No PR Winners In NBA Labor Dispute

Ostensibly, there are no draws in basketball. No matter how many overtimes need to be played, someone comes out a winner. But with the National Basketball Association putting a “take it or leave it” offer on the table last week that the NBA Players Association has rejected –- disbanding the union yesterday and, in the process, putting its players’ future in the hands of the federal court system (unless a settlement is reached) –- it certainly seems like this game of PIG will have two losing sides, whatever the eventual legal outcome may be.

The battle for the hearts and minds of four-figure courtside ticket buyers, Season Pass cable TV viewers and just plain folk who read the sports pages and incessantly call sports radio programs to fantasize trades of disappointing players is being fought in social media.

As, the website of the Plain Dealer, puts it: “Twitter has become a cyber-battleground for players and the league during a work stoppage now in its 138th day. Miami Heat star Dwyane Wade asked the league: "Why are all your 'system solutions' only impacting the PLAYERS?? What have the owners given up of significance??" The league replied: "The economics & system favored the players in prior CBA -- Teams lost over 300m last year."



Over the weekend, the NBA “solicited collective-bargaining questions on Twitter, released highlights of its latest proposal on its Web site and reiterated that if union decertification occurs, all contracts would become void,” Tom Reed reports.

As the New York Times’ Howard Beck writes, “the rumors and the rhetoric” are flowing from both sides, and it’s difficult for anyone -– apparently including the parties involved, to separate the truth from the twaddle.

“It’s of grave concern to the league that there is an enormous amount of misinformation concerning our proposal, both on Twitter and in the more traditional media,” NBA deputy commissioner Adam Silver told Beck Saturday night. “We believe that if the players are fully informed as to what is and is not in our proposal, they will agree that its terms are beneficial to them and represent a fair compromise.”

On an ESPN SportsCenter broadcast yesterday, NBA commissioner David Stern went so far as to warn of a “nuclear winter” as a result of the players disbanding the union and bringing a lawsuit against the NBA. I think ESPN host and columnist Michael Wilbon fairly sums up the feelings of most fans when he writes under the headline “A pox on both the NBA's labor houses!”:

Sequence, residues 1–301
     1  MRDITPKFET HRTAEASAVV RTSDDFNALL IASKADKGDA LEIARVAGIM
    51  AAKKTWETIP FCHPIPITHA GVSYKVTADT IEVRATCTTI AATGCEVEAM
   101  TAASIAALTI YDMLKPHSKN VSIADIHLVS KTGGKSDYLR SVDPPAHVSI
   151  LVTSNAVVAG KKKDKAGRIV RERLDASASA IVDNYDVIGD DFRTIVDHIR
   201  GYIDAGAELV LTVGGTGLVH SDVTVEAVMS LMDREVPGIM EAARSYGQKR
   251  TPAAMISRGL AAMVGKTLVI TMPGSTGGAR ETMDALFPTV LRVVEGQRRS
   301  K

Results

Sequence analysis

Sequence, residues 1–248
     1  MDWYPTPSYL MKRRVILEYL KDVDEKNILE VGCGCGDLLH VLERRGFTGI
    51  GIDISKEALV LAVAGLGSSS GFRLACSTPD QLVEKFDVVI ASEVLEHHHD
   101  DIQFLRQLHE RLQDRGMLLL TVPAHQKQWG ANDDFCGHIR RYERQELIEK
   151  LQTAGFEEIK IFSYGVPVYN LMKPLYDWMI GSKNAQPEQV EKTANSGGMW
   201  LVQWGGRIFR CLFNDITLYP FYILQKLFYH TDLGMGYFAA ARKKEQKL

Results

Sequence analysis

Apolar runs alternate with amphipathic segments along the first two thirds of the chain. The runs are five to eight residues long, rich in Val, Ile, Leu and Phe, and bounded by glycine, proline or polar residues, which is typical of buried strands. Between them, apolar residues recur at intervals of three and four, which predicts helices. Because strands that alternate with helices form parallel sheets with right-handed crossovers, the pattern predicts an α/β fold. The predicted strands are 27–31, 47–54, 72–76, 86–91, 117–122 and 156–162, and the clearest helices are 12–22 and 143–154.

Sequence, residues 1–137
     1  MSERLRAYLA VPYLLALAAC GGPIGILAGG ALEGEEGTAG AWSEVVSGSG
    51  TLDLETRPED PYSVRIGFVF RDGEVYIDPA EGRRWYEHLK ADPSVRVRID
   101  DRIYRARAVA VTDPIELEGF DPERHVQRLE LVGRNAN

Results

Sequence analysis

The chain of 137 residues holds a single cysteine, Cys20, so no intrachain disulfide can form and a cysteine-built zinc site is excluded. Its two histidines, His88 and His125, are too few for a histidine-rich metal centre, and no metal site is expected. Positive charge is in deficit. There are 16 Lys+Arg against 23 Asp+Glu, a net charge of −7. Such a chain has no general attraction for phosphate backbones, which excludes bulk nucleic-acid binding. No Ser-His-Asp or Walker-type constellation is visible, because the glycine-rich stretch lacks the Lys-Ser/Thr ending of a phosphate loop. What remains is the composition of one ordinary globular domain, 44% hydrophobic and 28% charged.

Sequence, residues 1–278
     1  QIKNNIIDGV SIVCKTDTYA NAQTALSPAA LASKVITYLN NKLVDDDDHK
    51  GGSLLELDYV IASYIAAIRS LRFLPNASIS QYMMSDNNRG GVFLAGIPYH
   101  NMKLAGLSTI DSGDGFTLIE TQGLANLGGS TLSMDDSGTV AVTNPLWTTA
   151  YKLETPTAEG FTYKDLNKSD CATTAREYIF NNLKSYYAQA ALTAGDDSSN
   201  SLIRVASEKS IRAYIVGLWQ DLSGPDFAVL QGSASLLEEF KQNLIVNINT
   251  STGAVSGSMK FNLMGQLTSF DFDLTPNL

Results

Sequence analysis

“I'm tired of the hearing the league's position, tired of hearing the players' position, increasingly resentful that both sides seem completely oblivious as to what's happening in the real world. What they've both done, in coming this far in negotiations and failing to reach a deal, is the equivalent of running 26 miles of a marathon and then sitting down on the pavement and refusing to complete the final two-tenths of a mile.”

Attorneys Jeffrey Kessler and David Boies, who were on opposite sides of the NFL labor dispute (Kessler on the players’ side; Boies on the owners’), represent the players in the class-action suit. The AP’s Brian Mahoney reports that “a day before players normally would have received their first paychecks, the NBPA’s website greeted visitors Monday with the following message: ‘Error 404: Basketball Not Found. Please be patient as we work on resolving this. We are sorry for the inconvenience.’”

As one fan puts it on Yahoo! Pulse, “This NBA lockout is going to be long and ugly and no one will win in the end. Even when the NBA comes back, their fan base will be decimated.” Of course, no one in the league cares about the fans right now, so their financial loss, even after the lockout ends, is no one's fault but the NBA's.” But judging by the comments to this and other stories, many of them bordering on racist, the players are catching equal ire.

The race issue was fueled by a comment Kessler made last week that Stern was treating players like “plantation workers.” Former NBA greats Bill Russell and Magic Johnson are among those who have defended Stern, with Russell sounding like the peacemaker the dispute desperately needs. “I think the whole deal is not about black and white. It's about money, OK? I don’t see any signs of being greedy. It's a typical negotiation and that's all it is. And there are a couple of reasons it's difficult, because there's hard-liners on both sides.”

Those hardliners might want to take a look at the results of apoll on this morning that asks, “Is the NBA season worth saving?” Of 17,969 votes cast, 88% says “no” –- and that includes a “yes” vote by me, who hasn’t watched a complete game since the Knicks won their last championship somewhere in the recesses of the last century.

When you lose your most ardent fans, you’ve truly lost it.

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